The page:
The leader of an Iranian dissident group has agreed to start relocating refugees who for years have been living in precarious conditions in an Iraqi camp. 

Under an agreement recently struck between the United Nations and the Iraqi government, the 3,400 Iranian exiles at a site known as Camp Ashraf will move to Camp Liberty -- the former U.S. military base near Baghdad -- before making arrangements to leave Iraq and resettle elsewhere. 

Maryam Rajavi, the Paris-based head of the group, averted a potential showdown Wednesday by announcing that, "as a gesture of goodwill," 400 residents at Ashraf are prepared to go to Camp Liberty "at first opportunity." The statement was obtained by Fox News. 

Before Wednesday, the exiles had not said whether they would consent to the U.N. deal. 

The statement, however, did not indicate when the rest of the residents might relocate. And it also did not mention one of the major remaining sticking points -- the fact that in the United States, the group to which the exiles belong is a designated terror organization. As long as that label is attached to them, the residents can't be resettled in the U.S. or Europe as part of any long-term solution. 

The group known as the Mujahideen Khalq or MEK, has been based in Iraq since the 1980s.
Saddam Hussein gave them protection because they helped him fight Ayatollah Khomeini and the mullahs in Iran. Since the U.S. military toppled Saddam Hussein after the invasion in 2003, the Iranians have been urging Iraq to hand over the exiles, whom Tehran considers traitors and spies. 

Technically, the MEK is still on the State Department's Foreign Terrorist Organization list, placed there by President Bill Clinton because the group allegedly killed six American diplomats during the 1970s when the U.S. was supporting the Shah in Tehran. The group was reportedly placed on the list at a time when the State Department was attempting to engage Iran diplomatically.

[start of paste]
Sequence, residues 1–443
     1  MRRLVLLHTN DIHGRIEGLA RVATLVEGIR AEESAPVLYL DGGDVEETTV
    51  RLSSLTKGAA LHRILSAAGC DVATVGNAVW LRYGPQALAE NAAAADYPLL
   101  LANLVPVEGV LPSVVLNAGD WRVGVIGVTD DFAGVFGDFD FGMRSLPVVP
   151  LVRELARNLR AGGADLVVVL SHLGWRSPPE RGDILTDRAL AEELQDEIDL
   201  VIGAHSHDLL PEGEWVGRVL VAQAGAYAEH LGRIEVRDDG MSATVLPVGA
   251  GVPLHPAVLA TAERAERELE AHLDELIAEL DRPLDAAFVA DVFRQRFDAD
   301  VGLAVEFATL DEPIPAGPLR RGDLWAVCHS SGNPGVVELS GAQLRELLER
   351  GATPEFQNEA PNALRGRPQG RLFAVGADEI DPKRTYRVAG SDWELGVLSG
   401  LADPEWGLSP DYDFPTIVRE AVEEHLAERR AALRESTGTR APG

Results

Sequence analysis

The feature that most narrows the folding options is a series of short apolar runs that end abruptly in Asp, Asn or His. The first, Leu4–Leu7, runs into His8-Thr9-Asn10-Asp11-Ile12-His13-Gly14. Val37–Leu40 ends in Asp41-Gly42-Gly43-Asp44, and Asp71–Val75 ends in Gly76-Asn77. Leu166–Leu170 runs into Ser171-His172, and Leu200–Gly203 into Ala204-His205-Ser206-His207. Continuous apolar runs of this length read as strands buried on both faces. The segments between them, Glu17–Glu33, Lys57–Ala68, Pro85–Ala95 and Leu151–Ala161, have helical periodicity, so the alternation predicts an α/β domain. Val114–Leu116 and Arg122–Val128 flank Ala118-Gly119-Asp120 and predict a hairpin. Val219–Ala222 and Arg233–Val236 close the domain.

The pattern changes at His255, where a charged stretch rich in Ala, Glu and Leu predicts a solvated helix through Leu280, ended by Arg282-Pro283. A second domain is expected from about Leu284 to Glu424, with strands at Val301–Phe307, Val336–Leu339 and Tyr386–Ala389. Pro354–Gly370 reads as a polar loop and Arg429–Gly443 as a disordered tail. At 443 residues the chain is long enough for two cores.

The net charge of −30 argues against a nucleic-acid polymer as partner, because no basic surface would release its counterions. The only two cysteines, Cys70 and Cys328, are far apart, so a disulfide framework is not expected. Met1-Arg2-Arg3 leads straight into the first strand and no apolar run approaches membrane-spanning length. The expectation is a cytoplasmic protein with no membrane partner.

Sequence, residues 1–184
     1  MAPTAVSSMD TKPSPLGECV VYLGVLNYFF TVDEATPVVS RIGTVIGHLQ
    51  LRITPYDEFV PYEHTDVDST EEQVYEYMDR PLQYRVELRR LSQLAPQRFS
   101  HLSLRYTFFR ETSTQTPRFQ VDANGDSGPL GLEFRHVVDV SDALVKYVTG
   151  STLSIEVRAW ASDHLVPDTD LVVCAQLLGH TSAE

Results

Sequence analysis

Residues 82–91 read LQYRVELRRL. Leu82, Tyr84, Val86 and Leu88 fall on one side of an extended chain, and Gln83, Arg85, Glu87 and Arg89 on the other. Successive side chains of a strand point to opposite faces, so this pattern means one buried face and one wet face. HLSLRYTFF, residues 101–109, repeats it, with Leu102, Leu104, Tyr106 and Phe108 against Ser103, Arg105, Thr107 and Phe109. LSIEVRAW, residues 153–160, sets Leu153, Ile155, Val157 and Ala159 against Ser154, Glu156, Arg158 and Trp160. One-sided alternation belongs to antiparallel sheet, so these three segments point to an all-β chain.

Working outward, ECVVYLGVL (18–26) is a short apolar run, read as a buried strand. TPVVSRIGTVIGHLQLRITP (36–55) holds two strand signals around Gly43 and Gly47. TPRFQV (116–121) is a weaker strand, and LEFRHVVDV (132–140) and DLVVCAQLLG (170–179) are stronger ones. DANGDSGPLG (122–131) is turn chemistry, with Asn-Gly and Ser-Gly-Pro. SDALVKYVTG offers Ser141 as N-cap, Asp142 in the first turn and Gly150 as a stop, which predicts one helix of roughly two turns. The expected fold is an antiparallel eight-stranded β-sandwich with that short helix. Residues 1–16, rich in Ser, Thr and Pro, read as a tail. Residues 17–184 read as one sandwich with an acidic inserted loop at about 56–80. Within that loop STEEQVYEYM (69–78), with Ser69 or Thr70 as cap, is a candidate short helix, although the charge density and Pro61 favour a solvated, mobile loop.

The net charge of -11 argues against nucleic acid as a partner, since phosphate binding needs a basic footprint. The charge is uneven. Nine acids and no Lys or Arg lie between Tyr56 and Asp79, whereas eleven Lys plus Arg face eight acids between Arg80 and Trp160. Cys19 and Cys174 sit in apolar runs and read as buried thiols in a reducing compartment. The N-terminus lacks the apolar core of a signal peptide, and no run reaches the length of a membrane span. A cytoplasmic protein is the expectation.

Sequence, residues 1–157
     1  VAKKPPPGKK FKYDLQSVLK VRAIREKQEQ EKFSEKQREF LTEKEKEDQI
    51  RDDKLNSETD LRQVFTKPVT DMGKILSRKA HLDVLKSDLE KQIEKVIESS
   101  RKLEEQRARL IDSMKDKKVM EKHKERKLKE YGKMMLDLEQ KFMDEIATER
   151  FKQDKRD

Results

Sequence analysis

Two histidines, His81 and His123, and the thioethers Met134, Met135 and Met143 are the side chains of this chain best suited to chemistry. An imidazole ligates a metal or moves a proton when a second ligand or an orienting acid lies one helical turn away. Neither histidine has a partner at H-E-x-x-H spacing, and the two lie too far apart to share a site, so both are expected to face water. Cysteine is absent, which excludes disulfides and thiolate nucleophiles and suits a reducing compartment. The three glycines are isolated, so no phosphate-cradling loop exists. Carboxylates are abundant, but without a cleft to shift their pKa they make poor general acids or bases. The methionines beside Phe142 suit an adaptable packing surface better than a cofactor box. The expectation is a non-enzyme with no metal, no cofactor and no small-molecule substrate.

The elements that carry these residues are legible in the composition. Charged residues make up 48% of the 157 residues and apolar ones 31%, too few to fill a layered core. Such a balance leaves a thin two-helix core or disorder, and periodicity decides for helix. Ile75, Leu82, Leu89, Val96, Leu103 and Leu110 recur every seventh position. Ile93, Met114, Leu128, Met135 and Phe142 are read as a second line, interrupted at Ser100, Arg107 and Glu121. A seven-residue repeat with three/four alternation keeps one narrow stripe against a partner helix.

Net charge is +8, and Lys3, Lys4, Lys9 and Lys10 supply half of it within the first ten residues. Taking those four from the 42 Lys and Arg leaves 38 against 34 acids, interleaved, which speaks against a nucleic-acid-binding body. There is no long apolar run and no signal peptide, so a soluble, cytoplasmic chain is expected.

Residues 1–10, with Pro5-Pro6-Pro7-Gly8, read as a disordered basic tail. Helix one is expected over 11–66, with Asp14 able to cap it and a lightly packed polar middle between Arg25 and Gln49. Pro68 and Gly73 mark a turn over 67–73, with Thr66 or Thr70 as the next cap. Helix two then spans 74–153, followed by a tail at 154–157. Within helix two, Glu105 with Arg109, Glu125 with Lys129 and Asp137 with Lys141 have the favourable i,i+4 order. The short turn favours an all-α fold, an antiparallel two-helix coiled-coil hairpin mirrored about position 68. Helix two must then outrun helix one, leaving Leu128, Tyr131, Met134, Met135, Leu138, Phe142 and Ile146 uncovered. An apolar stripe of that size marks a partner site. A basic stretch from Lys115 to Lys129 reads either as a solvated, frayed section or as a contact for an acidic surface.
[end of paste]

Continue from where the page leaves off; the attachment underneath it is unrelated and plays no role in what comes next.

But the State Department is reviewing that designation. 

"We're giving it serious consideration," State Department spokesman Mark Toner said Wednesday, noting "no decision has been made yet." 

More than a dozen former national security advisers have called on the Obama administration to delist the MEK, claiming there's no evidence today to support allegations of terrorism against the group. 

More recently, the MEK and its affiliates have helped the U.S. and Western intelligence agencies. They provided information about the secret uranium enrichment facility in Natanz -- a key intelligence breakthrough for the West. 

A report this past August by Lincoln Bloomfield, a former assistant secretary of state, noted a "longstanding pattern" of western governments being "pressured" by Tehran to sanction the MEK. While the MEK is held responsible for the killing of six Americans in the 1970s, 

Bloomfield cited claims that those responsible actually represented a "splinter" group no longer tied to the current MEK group. 

Whether or not the U.S. changes the terror designation, the U.N.-Iraq plan for resettling the residents of Camp Ashraf ultimately aims to find a permanent home for the refugees. 

Martin Kobler, special representative for the U.N. secretary-general, said in a letter Wednesday that the temporary relocation at Camp Liberty is "a necessary and indispensable first step towards a long-term solution." He noted that individual countries will have to decide whether they will accept the refugees, but assured that the United Nations will conduct "24/7 monitoring" of the new camp until all residents leave Iraq. The letter also said the U.S. would visit Camp Liberty "regularly and frequently." 

Rajavi called for "maximum vigilance" in protecting Ashraf residents. 

Even after the deal was struck, rockets from an Iranian-backed militia were fired at the camp on Sunday and Tuesday. Residents remain in fear that the Iraqi government will turn them over to Iran where they would be tried as spies and traitors. More than 30 residents of Camp Ashraf were killed by Iraqi police last April during skirmishes after the U.S. military relinquished control of the camp. 

"The transfer of the first group of residents is a test of the Iraqi Government's attitude in respecting obligations as professed to the U.N. and U.S.," Rajavi said. 

The U.S. military also has a role to play in protecting the residents, since the U.S. disarmed the group in 2004 and gave them protected status. 

Fox News' Jennifer Griffin contributed to this report.